PSG Number: GM-14-005
Topical Area: Web Design and Development
Issue Date: 11/1/2013
Effective Date: 11/1/2013
Document Type: Guideline; Published (approved by Web Standards Group and GTA)
POC for Changes: Georgia.gov Interactive
Synopsis: Editorial Content guidelines for State of Georgia web sites.
3.1.1 Plain Language
Plain language is clear, succinct writing designed to ensure the reader understands as quickly and completely as possible. Plain language strives to be easy to read, understand, and use. It avoids verbose language and jargon.
The Plain Writing Act of 2010 requires the federal government to write all new publications, forms and public documents in a “clear, concise, well-organized” manner. State websites should follow the lead by striving to write website content in plain language.
Help your readers quickly find what they need with these web writing tips:
- Less is more! Be concise. Cut the amount of words in half. Eliminate unnecessary words.
- Break documents into separate topics.
- Use even shorter paragraphs than on paper.
- Use short sentences.
- Use short lists and bullets to organize information.
- Use even more headings with less under each heading.
- Questions often make great headings.
- Present each topic or point separately, and use descriptive section headings.
- Make liberal use of white space so pages are easy to scan.
- Write (especially page titles) using the same words your readers would use when doing a web search for the info.
- Don’t assume your readers know about the subject or have read related pages on your site. Clearly explain things so each page can stand on its own.
- Never use "click here" as a link — link language should describe what your reader will get if they click the link.
- Use “you” and other pronouns
- Use active voice.
- Use the simplest tense possible
- Use “must” to express requirements; avoid the ambiguous word “shall”
3.1.2 Editorial Guidelines
- The tone should be active, friendly and warm, while still carrying some authority as the official face of state government.
- Try to convey information in a visual form (creative graphs, charts)
- Use bold text to emphasize words and phrases
- Maintain an Editorial Calendar to keep content up to date. This should include a recurring time to revisit old content pages to update their details, and checking for broken links.
- Content should be written in an inverted pyramid form, with the most important information appearing at the beginning (preferably the first paragraph), and the least important information at the end, where users may be less apt to scroll down and read.
- Write clearly. Provide information that is concise and factual. Make sure that it is worthwhile and can be easily understood by users from a variety of backgrounds.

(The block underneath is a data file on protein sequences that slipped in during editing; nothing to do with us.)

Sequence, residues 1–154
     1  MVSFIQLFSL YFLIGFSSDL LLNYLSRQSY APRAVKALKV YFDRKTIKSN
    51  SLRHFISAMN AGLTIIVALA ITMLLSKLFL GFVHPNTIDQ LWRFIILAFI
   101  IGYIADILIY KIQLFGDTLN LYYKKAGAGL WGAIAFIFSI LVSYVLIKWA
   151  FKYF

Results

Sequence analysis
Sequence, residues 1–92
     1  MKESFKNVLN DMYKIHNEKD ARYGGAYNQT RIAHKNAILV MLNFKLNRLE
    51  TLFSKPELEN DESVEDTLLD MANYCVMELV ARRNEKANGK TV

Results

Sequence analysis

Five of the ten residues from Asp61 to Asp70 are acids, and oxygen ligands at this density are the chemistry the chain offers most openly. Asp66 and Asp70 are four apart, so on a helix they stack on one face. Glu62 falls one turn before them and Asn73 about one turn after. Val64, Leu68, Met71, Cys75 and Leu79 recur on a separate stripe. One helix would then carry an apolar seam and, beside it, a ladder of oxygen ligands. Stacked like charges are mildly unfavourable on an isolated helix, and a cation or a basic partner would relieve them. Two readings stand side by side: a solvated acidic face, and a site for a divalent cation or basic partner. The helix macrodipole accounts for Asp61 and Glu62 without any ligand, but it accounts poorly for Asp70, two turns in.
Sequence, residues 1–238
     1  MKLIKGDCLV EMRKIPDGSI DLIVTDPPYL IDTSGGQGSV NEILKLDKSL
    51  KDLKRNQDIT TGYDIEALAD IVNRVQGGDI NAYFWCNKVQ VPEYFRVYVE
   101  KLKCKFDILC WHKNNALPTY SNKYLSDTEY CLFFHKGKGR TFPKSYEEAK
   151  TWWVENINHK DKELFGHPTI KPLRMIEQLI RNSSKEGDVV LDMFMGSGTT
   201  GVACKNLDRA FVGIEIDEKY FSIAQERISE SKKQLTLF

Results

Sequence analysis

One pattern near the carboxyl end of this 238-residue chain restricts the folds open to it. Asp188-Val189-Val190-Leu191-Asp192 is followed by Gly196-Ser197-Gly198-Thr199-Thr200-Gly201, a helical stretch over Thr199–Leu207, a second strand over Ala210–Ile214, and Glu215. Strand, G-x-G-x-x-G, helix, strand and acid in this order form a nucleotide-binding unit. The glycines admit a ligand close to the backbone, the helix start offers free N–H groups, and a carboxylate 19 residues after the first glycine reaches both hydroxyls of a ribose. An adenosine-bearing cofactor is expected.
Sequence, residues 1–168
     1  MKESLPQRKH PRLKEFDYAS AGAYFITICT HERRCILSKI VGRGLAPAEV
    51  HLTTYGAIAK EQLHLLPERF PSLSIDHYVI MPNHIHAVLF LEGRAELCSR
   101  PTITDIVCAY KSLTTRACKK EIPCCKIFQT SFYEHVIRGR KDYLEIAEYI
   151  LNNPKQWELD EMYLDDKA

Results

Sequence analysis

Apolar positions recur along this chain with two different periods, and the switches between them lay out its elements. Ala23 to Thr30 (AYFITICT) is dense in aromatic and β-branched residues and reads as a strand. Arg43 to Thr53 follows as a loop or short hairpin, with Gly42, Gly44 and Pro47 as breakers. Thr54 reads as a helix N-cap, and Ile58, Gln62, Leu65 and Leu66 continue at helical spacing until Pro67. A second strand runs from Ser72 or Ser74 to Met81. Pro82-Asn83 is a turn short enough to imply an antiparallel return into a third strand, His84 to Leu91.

- Be consistent in the use of titles, subtitles, headings, etc. Effective use of these devices will help users navigate easily through your Web pages.
- Use the same style of text for headings and titles – title case for document titles, references to other Web sites, and proper names – and sentence case for subheads, figure titles, and lists.
Example of Title Case Example of sentence case
- Place links appropriately to maintain the thread of reading, workflow and context.
- Links should not disrupt reading or the task flow. Make sure that the user can maintain context of the information.
- Proofread all text. A spell checker is a good tool for doing this; manual checking is also highly recommended.
- Use AP Style. To keep writing styles consistent across the Georgia agencies, use The Associated Press Stylebook.
- Use a readability tool to test the reading level of your article. A sample tool is The Readability Test Tool
Frequently Asked Questions pages
Users who need information from a Web site often need a common set of questions answered. These common, most frequently asked questions appear in what has become known as the FAQ. FAQs can centralize the most commonly accessed information in one area so users won’t have to search different areas of the site for answers.
- Include FAQs for your Web site, as appropriate. Some appropriate uses include:
- Providing an overview of your agency’s Web site, function, business processes etc.
- Initial education on a process or task the user needs to complete.
- Summarizing the top things your agency does.
- Summarizing the top things a user needs to know.
- Verify that the questions are actually questions that users and constituents have. This can be accomplished through mining user feedback and comments, holding focus groups, performing usability evaluations, etc.
3.1.3 Content Inventory/Audit
A content inventory is an ideal way to determine what content is on your site. It’s a listing of every content item on your site, organized hierarchically. From this, you can extend the capability to determine what content should stay on your site - usually called a content audit. By gathering information about each page - purpose, age, visits - you can decide whether to keep, modify or purge your content.
Unfortunately, there is no easy way to do this; no tools exist that automatically create this inventory. It’s best to go through each section of your site, noting where each content item occurs and in what context it exists. Using your site map may give you a headstart on the structure, but more than likely, you’ll need to flesh out individual pages on your own.
The following template is available to help you create a content inventory.
An editorial calendar can help keep your website updated by scheduling times to review, create and retire content. You can use either a spreadsheet, Word document or a calendar program such as Outlook or Google Calendar for this. Document times that you need to publish new content, outline important dates in which news might be forthcoming, and, most importantly, schedule time to review all existing content to see if it needs updating, editing, or deleting.